It is not idleing enough when I turn on A/C and heater

Tiny
BADBOYMARCUS
  • MEMBER
  • 1995 CADILLAC DEVILLE
  • V8
  • FWD
  • AUTOMATIC
  • 125,000 MILES
Idle is too low how can I fix this. When I replace my idle speed control do I need to disconnect the negative cable? Does it re-adjust itself? Do I screw the bolt all the way?
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Tuesday, September 27th, 2011 AT 2:22 PM

7 Replies

Tiny
DRCRANKNWRENCH
  • EXPERT
There is a part called an Idle Air Control Valve, IACV. It ups the engine speed as the load increases from accessories.
That is what you need to replace.
It is near the throtle body on the intake manifold.
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Tuesday, September 27th, 2011 AT 2:52 PM
Tiny
BADBOYMARCUS
  • MEMBER
Yea I got that part do I screw the bolt all the way in. And do I disconnect the negitive cable on the battery so it can reset it self
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Tuesday, September 27th, 2011 AT 9:58 PM
Tiny
DRCRANKNWRENCH
  • EXPERT
You can just as an extra measure. Leave it disonnected for at least 30 seconds.
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Tuesday, September 27th, 2011 AT 10:32 PM
Tiny
BADBOYMARCUS
  • MEMBER
Thank you
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Wednesday, September 28th, 2011 AT 12:15 AM
Tiny
DRCRANKNWRENCH
  • EXPERT
You are very welcome. Please come back any time that you need us.
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Wednesday, September 28th, 2011 AT 12:38 AM
Tiny
BADBOYMARCUS
  • MEMBER
Ok I put the idle speed control on and when I turn the car on. It starts to idle its self back and forth. What can I do to fix this problem. It also does it in the mornings.
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Wednesday, September 28th, 2011 AT 10:40 PM
Tiny
DRCRANKNWRENCH
  • EXPERT
Try checking the coolant level and then getting air out of the system.

To bleed the cooling system'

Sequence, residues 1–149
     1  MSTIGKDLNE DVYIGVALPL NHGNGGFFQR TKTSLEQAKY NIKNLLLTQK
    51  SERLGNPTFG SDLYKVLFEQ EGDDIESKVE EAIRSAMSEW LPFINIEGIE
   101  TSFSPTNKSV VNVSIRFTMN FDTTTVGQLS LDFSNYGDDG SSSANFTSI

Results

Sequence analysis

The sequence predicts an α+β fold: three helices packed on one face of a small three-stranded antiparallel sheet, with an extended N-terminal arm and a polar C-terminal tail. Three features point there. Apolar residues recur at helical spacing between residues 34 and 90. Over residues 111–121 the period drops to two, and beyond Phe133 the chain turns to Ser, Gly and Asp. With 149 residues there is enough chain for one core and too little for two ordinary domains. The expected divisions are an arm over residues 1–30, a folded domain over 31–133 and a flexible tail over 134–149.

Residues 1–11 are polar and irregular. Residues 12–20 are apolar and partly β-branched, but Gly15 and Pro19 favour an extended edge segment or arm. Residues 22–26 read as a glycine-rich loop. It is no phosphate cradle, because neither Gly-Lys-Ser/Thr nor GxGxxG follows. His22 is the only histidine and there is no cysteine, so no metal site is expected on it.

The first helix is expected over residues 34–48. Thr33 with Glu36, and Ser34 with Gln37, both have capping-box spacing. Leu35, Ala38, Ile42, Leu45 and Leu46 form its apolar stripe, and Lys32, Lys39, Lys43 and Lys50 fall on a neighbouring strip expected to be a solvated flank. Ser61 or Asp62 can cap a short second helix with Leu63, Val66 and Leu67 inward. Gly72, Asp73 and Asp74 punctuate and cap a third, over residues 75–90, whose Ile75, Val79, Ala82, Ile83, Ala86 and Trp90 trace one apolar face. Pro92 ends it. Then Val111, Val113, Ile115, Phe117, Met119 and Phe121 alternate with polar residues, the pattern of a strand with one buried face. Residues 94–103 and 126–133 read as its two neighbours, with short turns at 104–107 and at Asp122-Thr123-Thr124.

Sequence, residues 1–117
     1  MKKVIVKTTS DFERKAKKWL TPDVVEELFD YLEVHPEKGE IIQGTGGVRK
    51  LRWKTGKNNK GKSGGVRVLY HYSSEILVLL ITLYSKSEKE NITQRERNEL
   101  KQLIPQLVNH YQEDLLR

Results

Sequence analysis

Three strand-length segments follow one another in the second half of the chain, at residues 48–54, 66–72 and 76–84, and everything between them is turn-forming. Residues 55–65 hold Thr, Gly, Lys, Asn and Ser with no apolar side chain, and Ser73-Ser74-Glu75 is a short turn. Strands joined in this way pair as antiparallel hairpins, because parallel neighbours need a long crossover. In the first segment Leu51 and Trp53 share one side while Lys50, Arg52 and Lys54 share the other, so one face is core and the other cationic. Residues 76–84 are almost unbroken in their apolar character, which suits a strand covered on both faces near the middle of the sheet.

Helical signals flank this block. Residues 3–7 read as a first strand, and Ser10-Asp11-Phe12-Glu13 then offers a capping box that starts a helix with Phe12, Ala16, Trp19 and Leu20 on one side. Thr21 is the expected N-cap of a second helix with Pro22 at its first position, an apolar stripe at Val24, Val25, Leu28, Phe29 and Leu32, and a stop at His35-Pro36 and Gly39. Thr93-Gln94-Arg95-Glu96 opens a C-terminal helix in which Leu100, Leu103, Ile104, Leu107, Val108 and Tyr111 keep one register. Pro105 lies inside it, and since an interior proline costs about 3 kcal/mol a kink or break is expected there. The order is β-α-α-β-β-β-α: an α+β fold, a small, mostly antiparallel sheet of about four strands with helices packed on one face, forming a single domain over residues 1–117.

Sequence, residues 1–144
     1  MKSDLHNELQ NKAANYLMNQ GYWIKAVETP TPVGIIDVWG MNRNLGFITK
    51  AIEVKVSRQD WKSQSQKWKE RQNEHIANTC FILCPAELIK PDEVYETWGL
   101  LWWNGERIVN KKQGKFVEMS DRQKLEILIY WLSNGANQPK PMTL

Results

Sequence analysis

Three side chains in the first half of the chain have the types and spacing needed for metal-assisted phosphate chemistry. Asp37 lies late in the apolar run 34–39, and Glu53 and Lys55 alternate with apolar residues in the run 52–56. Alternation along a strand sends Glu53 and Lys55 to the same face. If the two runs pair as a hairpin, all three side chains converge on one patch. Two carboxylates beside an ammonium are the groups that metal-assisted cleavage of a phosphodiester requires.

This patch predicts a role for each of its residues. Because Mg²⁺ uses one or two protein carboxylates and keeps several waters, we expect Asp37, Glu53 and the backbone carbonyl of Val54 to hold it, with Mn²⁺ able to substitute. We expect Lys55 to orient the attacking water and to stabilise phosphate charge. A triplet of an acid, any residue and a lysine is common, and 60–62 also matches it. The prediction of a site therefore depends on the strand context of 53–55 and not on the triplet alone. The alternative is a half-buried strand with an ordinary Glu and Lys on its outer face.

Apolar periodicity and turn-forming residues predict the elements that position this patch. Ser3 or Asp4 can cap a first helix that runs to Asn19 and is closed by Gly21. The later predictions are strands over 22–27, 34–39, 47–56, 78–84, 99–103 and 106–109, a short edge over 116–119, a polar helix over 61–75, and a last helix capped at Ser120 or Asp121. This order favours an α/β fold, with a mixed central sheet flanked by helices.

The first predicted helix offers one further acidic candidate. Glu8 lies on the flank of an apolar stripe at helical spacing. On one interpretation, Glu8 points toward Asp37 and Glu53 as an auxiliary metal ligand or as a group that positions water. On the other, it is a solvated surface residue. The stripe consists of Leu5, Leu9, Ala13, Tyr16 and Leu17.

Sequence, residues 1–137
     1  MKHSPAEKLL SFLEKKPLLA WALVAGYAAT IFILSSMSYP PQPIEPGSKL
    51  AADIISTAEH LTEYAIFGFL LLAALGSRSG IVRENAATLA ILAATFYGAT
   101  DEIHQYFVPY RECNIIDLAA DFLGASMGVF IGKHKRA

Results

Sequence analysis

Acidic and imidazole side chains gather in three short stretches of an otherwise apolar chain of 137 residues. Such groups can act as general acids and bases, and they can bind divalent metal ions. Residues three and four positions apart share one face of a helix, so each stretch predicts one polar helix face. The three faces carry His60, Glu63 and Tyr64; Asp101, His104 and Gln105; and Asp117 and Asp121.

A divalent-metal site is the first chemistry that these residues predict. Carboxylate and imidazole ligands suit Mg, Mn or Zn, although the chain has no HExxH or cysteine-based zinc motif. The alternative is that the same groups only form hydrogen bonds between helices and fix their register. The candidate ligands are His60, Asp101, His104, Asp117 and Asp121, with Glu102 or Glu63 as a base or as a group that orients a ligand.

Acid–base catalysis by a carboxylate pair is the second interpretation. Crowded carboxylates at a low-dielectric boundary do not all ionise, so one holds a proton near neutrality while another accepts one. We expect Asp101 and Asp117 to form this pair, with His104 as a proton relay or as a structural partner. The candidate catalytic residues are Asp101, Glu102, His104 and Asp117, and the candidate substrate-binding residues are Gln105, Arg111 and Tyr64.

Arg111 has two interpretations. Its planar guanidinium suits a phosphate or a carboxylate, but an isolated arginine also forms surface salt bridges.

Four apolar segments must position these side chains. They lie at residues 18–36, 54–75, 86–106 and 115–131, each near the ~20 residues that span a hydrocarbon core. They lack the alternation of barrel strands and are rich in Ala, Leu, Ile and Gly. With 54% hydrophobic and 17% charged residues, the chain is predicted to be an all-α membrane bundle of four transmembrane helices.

Bleed the cooling system by removing the top cap, that lets the air out, and you can add coolant to the radiator, and bleed it out in that fashion. If you need to bleed your cooling system as a unit, that's an entirely different procedure. That outline is going to be given to your owner's manual, and that depends on where the highest point in the cooling system is, as to what the bleeding procedure is, but for a radiator, as long as the cap is the highest point of the radiator, that's how you'll bleed a radiator. If there's a higher point on there, that can trap air in it, you're going to have to put a bleed valve on there, to let the air out, or the system isn't going to bleed correctly, so if you have to bleed a cooling system, what you're going to need to find, is that bleed valve, and that just depends on whether there's a point in the cooling system, that exceeds the height in the cap of the radiator. Wherever the highest point in the cooling system is, that's where it's going to trap the air, and that's where a required bleed point is going to be, but for most vehicles, a radiator, and a radiator cap, is the highest point in the cooling system, and so the radiators can be bled, just simply by removing that cap, and allowing the system to fill up, until all the air is gone. You need to remember also, that there's a thermostat in the system, and when that's sealed, or in the cold or closed position, it can trap air into the bottom side of the engine, so you want to make sure, anytime you're trying to bleed the system, after you've bled it, you've run the engine for at least fifteen, twenty minutes, make sure it's thoroughly warmed up, and the cooling system has cycled several times, and then recheck it after it's cooled, and re-top as necessary, to remove any additional air, that might have been trapped in the engine, so that's how you bleed a radiator, and/or cooling system."

If this does not fix it, you probably need an Idle Air Control Valve.
Replace and performa the bleeding procedure again.
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Sunday, October 2nd, 2011 AT 3:40 AM

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